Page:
The RSI seems particularly clear that there is —for me, now— a definite history of recorded experimental results, which is not different from a definite classical history. For the future, saying that (1) knowing only the quantum state only tells us probabilities for what a future result will be is not different from saying (2) that knowing less than every detail of a classical state only tells us probabilities for what a future result will be (and, per our previous to-and-fro, knowing every detail, and being certain we’ve missed no details whatsoever, is tricky if there’s noise at every scale). I think it may be this closeness to a classical model that makes RSI (and MWI, when it follows the mathematics, not the bombast of branching worlds) so attractive to people.

    One thing that I’ve found it useful to focus on, which I think you don’t as much, is the extent to which a quantum state is known or hypothesized. If a quantum state is confirmed by experiment to be a superposition and not a mixture then in that sense we can we say “here’s a superposition” differently. To make that confirmation requires us to perform incompatible measurements (that is, on the idea of “incompatibility” in the quantum probability literature, measured probability distributions that do not admit a joint probability distribution), but I think that’s only possible in practice if we perform incompatible measurements on different subensembles, which enters into a whole array of issues.

    • Wyrd Smythe

      “I think there are no branches in the math,…”

      This is a huge question I have about MWI. I explored it a bit in the first post, and I’d really like to see a Schrödinger solution for a beam-splitter. In lectures I’ve seen animations of the wavefunction for a particle tunneling through (or scattering off) a barrier. The description of position has a single particle approaching the barrier, but then it describes two, one that scatters, one that tunnels.

      So in this sense the math appears to “branch” but was that math always a superposition of two particles, or is the appearance of the second one created at the barrier? My math isn’t yet up to the task of being able to figure that out.

      “…that knowing less than every detail of a classical state only tells us probabilities for what a future result will be…”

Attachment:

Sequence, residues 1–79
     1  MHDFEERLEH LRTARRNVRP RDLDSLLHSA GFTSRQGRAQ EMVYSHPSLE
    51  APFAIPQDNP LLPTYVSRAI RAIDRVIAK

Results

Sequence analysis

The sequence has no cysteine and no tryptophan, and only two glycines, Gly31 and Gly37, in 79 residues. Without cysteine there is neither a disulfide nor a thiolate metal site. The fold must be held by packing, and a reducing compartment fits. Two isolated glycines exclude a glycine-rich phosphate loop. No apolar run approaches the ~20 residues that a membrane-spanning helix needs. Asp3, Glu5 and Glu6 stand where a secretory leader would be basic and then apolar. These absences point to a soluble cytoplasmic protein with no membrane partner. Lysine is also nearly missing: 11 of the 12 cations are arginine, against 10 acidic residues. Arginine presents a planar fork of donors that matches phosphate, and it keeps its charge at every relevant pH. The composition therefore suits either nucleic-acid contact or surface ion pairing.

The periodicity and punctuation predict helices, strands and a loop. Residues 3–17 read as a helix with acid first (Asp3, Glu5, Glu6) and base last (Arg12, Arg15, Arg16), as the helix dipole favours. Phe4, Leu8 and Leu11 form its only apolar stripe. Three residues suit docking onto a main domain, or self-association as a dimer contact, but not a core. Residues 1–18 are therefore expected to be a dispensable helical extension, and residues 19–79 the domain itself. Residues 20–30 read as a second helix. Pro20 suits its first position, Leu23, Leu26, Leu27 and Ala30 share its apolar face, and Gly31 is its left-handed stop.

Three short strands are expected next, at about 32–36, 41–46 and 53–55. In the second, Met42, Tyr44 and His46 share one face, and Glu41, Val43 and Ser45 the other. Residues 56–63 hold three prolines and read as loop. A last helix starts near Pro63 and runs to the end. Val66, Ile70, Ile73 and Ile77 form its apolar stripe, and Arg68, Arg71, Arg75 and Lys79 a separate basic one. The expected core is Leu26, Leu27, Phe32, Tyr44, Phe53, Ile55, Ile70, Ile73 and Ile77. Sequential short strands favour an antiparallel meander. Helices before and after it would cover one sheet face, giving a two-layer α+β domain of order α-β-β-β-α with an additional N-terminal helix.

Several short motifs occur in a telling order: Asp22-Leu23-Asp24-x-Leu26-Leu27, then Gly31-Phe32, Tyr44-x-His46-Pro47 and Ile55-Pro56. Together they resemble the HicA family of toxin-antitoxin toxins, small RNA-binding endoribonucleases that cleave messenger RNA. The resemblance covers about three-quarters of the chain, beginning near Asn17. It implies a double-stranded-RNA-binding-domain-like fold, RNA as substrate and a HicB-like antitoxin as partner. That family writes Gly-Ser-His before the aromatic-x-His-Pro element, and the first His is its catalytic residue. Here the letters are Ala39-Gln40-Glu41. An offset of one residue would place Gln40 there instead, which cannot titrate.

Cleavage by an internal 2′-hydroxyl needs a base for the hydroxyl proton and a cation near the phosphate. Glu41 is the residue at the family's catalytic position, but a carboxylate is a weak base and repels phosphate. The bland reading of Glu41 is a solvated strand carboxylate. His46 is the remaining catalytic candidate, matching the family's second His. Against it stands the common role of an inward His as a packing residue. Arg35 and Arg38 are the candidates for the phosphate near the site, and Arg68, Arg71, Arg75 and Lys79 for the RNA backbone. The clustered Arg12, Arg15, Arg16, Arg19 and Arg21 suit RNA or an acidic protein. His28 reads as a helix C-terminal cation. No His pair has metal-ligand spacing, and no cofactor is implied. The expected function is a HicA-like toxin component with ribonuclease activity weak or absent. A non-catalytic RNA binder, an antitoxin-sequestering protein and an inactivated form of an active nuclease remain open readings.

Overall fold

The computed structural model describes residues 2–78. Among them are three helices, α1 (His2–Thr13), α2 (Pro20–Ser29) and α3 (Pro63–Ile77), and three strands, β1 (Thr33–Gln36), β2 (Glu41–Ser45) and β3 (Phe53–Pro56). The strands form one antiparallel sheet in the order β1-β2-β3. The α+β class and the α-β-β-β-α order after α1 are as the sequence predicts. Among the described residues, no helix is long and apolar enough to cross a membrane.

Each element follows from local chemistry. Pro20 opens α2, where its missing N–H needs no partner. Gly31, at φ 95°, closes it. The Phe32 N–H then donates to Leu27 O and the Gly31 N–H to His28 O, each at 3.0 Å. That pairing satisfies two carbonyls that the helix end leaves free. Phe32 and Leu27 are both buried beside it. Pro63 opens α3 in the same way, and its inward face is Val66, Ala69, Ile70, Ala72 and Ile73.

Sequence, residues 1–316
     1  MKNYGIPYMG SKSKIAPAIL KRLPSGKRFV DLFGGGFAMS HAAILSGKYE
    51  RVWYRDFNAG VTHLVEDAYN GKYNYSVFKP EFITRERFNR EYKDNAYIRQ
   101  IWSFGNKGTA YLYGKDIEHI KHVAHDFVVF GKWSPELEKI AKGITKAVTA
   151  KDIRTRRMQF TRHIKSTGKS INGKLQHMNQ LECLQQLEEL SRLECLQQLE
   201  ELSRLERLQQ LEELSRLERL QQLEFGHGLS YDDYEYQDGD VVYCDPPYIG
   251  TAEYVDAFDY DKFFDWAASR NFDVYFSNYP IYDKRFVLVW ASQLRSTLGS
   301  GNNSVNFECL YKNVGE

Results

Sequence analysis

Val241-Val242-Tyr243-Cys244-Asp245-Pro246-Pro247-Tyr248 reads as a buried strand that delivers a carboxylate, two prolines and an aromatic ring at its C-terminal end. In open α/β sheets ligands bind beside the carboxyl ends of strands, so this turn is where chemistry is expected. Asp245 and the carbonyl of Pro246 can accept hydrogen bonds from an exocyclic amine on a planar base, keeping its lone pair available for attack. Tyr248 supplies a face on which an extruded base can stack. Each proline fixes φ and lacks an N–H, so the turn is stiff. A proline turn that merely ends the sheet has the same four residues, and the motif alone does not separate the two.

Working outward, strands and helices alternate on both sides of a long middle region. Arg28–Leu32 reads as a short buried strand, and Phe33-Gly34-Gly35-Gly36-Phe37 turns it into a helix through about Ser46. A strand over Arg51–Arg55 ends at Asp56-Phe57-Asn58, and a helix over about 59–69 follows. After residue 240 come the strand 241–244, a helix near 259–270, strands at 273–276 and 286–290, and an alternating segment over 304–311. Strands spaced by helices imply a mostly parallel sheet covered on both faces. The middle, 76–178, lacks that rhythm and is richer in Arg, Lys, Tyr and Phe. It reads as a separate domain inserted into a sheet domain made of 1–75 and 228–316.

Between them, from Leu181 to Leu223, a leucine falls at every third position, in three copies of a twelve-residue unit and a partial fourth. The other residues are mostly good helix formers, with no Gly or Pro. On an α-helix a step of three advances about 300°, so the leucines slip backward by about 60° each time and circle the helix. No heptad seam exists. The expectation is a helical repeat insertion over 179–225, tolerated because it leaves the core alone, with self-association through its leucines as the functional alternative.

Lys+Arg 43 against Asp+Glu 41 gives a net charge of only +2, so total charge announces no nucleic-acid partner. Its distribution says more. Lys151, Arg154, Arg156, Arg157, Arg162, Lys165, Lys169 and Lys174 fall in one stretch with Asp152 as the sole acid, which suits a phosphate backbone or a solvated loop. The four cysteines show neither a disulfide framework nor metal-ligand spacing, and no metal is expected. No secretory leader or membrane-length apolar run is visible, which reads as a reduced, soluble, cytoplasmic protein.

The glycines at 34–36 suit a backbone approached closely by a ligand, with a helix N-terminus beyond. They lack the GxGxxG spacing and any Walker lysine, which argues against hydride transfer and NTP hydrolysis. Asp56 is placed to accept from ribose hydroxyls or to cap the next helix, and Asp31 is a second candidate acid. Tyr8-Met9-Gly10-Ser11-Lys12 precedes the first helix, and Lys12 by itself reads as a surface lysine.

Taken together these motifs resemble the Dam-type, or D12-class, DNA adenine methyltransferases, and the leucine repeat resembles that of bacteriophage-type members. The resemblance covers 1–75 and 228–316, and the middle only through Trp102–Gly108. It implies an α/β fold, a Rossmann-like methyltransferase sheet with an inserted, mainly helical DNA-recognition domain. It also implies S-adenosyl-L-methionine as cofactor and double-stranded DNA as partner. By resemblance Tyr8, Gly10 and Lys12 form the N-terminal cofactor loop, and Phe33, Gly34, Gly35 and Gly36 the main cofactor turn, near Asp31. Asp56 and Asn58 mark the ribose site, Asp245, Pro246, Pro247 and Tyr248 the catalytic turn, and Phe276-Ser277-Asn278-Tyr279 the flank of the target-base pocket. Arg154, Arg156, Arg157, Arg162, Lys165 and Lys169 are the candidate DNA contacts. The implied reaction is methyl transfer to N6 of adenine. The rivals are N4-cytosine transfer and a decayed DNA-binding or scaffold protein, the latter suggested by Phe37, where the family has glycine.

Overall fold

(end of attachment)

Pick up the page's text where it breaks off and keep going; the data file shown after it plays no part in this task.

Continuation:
Could be. The probabilities in QM come from inner products of vectors. Would a classical approach give the same results?

      “One thing that I’ve found it useful to focus on, which I think you don’t as much, is the extent to which a quantum state is known or hypothesized.”

      I’m not sure I followed this. Can you give me a concrete “for instance”?

      • Peter Morgan

        About your first: I think I haven’t included links here to the three posts I wrote last year on a website called The Quantum Daily, after AlgKoopman was published:

        (1) https://thequantumdaily.com/2020/02/16/unifying-classical-physics-and-quantum-physics/
        (2) https://thequantumdaily.com/2020/02/23/unifying-collapse-and-no-collapse-approaches-to-quantum-physics/
        (3) https://thequantumdaily.com/2020/03/08/breaking-the-hold-of-bell-inequalities/.
        In the second, I say this, about the branching or not:

        “If there are no collapses, however, then there is another important property of measurement, both for classical mechanics and for quantum mechanics: when we repeat a measurement, we always get exactly the same measurement result. This has many consequences, but perhaps the most significant is for the many-worlds interpretation of quantum mechanics: there can be many worlds, but there cannot be any branching.

        Here’s why: suppose that two worlds are different but they are both branches from the same, earlier world. If they are different, then there is at least one measurement that will give different measurement results. But that’s impossible, because we could have performed the same measurement before the branching, in which case whatever measurement result would have been obtained then would have to be same as two different values.

        Nonetheless, thinking classically —which, if we’re alive to subtleties, we can now allow ourselves to do—, there can be an appearance of branching if the dynamics is chaotic. We might notice no difference between two worlds until the chaotic dynamics makes the difference suddenly conspicuous.”

        There’s math to back this up, because we can compute the correlation coefficient for the results of doing the same measurement twice: it’s 100%. This result holds without having to introduce collapse of the wave function at all, but it does require the measurement to have discrete results (which in practice all measurements do, as we discussed earlier). There are mathematical niceties enough involved for me to worry about making huge claims for this construction, however AFAIK that hurts both ways: MWI proponents have to worry about the same niceties.

        About your second: if we work in Koopman’s Hilbert space formalism for classical mechanics, then probabilities come from an inner product of vectors (or, as for QM, from a trace, for mixed states). it’s that parallelism that makes Koopman a worthwhile testing ground for ideas about the similarities and differences between classical and quantum.

        About your third: I think I have to go sideways to (try to) get at this. The main issue is perhaps whether we think The State (1) really exists as a thing whether we perform any measurements or not; or (2) represents what we’ve recorded about The World and what we expect to record in future. If it’s the former, then what measurements we perform make no difference to the state, so my comment is irrelevant and forget it.